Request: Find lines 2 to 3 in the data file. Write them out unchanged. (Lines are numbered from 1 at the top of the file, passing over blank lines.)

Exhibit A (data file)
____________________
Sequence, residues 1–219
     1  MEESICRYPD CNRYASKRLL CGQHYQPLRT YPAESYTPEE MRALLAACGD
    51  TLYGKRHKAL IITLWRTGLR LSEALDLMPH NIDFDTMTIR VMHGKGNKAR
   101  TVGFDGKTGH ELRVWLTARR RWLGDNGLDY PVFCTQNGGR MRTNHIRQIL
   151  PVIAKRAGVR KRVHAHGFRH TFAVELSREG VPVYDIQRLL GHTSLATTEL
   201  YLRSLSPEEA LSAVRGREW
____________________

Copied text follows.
     1  MEESICRYPD CNRYASKRLL CGQHYQPLRT YPAESYTPEE MRALLAACGD
    51  TLYGKRHKAL IITLWRTGLR LSEALDLMPH NIDFDTMTIR VMHGKGNKAR